As you can see, each bottle has yellow arrows labeling the entrance and exit holes. Between each pair of bottles for a caliber is an information sheet on that caliber and the gun used to fire it. The empty bottle of each pair is on the left and the bottle that had contained water is on the right of the sheet. Each information sheet has a scanned image of an unfired cartridge next to a spent casing and a captured bullet which are glued down.

Yeah, this was a fun science project. :D
 

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Jeff,
That is outstanding!!! Kudos to you and your daughter!!!

The gun safety page is a great idea, it helps to dedemonize (if that’s a word) guns IMO. Please let us know how the school reacts to this project and what grade is received.

Can we get a round of applause from the studio audience?

http://www.sound-effect.com/sounds/huma ... plause.aif

 

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Discussion Starter · #8 ·
One interesting note. If you look at the pair of bottles on the lower right of the display, on either side of the sheet describing the 30-30 ammo, you'll notice the tremendous damage to the bottle that had contained water. You'll also notice that the empty bottle on the left has two labels called "Entrance".

Why two entrance labels? (And yes, there are two exit labels on the other side.)

The .30 caliber high-velocity round hardly even moved the empty bottle. We weren't sure that my daughter had hit it on the first shot, so I had her shoot the empty bottle again. Hence two entrance holes and two exit holes on that bottle. The slower-moving calibers sure knocked empty bottles over, but the 30-30 round just sliced through the empty bottle so fast, that it hardly noticed. The bottle full of water, of course, was an entirely different story.
 

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Very cool stuff Jeff.

I hope she gets an A on that project.

That gives me some ideas for my kids next science projects. Though I'm having trouble getting my 8 year old to stop asking his mom for a PS2 (which are sold out everywhere) and start asking her for a 10/22 (which we could actually get for him).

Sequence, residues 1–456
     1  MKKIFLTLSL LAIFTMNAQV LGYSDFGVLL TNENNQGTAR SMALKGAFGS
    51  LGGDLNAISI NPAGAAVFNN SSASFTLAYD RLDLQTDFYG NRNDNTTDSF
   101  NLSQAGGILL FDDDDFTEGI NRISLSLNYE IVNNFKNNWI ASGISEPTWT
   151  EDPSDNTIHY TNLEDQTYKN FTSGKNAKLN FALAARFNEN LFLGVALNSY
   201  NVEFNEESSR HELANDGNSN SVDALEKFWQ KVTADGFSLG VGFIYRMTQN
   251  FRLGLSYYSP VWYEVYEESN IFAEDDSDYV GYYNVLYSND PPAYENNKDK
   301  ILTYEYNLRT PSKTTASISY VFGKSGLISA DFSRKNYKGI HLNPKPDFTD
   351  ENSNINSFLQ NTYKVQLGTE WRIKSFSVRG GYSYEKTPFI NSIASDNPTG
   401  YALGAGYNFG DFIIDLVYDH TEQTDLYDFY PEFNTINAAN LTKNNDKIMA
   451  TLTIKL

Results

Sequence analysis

I bet the videos are going to be great too!
 

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Jeff,
Great job with you daughter and her project! I have twin girls who are apporaching the science project stage. I think you've done all of us and our families a great service by reminding us what we CAN do in education. As a side light, while serving as Shooting Sports Director at Camp Frontier at East Fork of the Bear Boy Scout Reservation, we would do a similar demonstration using pop cans and a .22 rifle fired from 50 feet. A well-hit warm coke would literally turn inside-out when struck by a hollow-point bullet. We also shot potatoes and apples, which the animals there enjoyed. Some years ago, I participated in a company's Gun Safety CD-ROM where we filmed in vhs for real-time and with 16mm film for slo-mo. We shot through a simulated wall as found in a home with a .22 rifle, striking the un-opened pop can behind, and also shot with a 12 Gauge shotgun, a .270 Winchester Rifle and a .45ACP handgun into watermelons. The shotgun and rifle blasted the watermelon to watery pulp. (Can you say BLOW BACK?) The .45 pistol using a Speer Gold Dot 230 grain hollow point blew off the top two thirds, and removed the seeds from the rest. It was very tasty! Once again, congrats to your daughter!

srbeck